13th March 2013

Side Event: Alternatives to Incarceration: Providing Health-Based Services for Drug Dependents in The Criminal Justice Setting

This event looked at the innovative use of drug courts for better individual and societal outcomes, as opposed to the criminal justice setting itself. Presentations were made from judges who had established drug courts not only in America but also in Belgium, Europe, where this approach has not been so widely used. The drug courts assess the individual needs of the person who has committed a drug-related crime and tries to take steps to help the person tackle their relationship with drugs and crime. More information on drug courts can be found here at the National Association of Drug Court Professionals website.

Side Event: Access To Internationally Controlled Drugs for Medical Purposes: Meeting a Global Challenge

This event explored access to essential pain relief such as morphine. Throughout the presentation, there was a clear north-south divide in terms of access to opiods such as morphine for end of life care. It was made clear that the UN Conventions do not restrict access to such medications and the need for such supplies were seen as imperative. The UNODC, WHO and the Union for International Cancer Control have developed plans for a join initiative to enhance access to internationally controlled drugs for the relief of pain while prevention diversion and abuse.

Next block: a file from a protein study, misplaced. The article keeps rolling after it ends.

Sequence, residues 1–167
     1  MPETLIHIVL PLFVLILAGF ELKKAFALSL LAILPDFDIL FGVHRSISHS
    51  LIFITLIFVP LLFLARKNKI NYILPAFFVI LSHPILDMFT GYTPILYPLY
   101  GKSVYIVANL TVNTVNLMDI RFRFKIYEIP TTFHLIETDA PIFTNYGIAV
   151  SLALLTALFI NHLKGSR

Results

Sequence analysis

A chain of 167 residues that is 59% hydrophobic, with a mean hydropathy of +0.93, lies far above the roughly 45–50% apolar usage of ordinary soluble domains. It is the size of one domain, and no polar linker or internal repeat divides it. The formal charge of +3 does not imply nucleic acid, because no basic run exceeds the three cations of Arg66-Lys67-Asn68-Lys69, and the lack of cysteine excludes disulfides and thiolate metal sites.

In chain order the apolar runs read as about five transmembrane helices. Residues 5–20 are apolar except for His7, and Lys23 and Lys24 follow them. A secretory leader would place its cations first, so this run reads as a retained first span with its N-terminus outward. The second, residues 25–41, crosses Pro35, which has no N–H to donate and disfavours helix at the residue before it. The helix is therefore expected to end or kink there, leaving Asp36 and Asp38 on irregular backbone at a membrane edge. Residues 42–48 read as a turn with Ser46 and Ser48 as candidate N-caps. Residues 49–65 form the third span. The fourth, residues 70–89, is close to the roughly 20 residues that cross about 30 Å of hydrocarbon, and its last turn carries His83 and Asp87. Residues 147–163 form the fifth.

Morning Plenary (GHB Rescheduled)

WHO recommends GHB rescheduled from schedule 4 to 2 in the 1971 convention. Under UN conventions, GHB was placed in schedule 4, the expert committee found evidence of dependence and withdrawal.

Used as a medicine in only a small number some countries for a number of rare medical conditions. It is used in the production in a wide variety of industrial products.

There were 41 votes in favour, no abstentions and only Austria voted against the proposal.

GHB successfully rescheduled.

10.15am, NGO Session with UNODC Director

Discussions between Mr Fedetov and NGO's focused on upscaling drug prevention measures, responding to HIV outbreaks and on tackling cannabis.

12th March 2013

6pm, Mozart Room, CADCA Reception

CADCA hosted a reception for delegates after today's conference, where they introduced the work they had been undertaking on drug courts and community prevention work on a local level.

1.15-2.45pm, Mozart Room, IDPC Side Event on Cannabis Reform

The IDPC hosted an event which explored the formulation of the drug conventions and how cannabis came to be included, followed by discussion. Some of the points which were discussed included how the drug conventions could be re-written according to the outcome of recent events in Colorado and Washington, whilst Amanda Fielding from the Beckley Foundation commented that her foundation had already prepared text for re-writing the conventions.

9am - 11am, M1, Drug Prevention Roundtable

At the same time as EURAD was helping to host the over subscribed side effect on cannabis, EURAD's Secretary General, Fay Watson, was in the Drug Prevention Roundtable where member states were reporting on their programmes. During this session, we were the only NGO invited to speak (this time on behalf of our partner and member, San Patrignano) where we delivered a speech on the lack of implementation of effective, evidence-based drug prevention measures. Using data from a recent EMCDDA study, which showed that member states were not implementing evidence based measures for at risk individuals, Fay Watson stated that "there is much that still can and should be done under the current legal framework" in the context of a more comprehensive approach which includes effective drug demand reduction measures.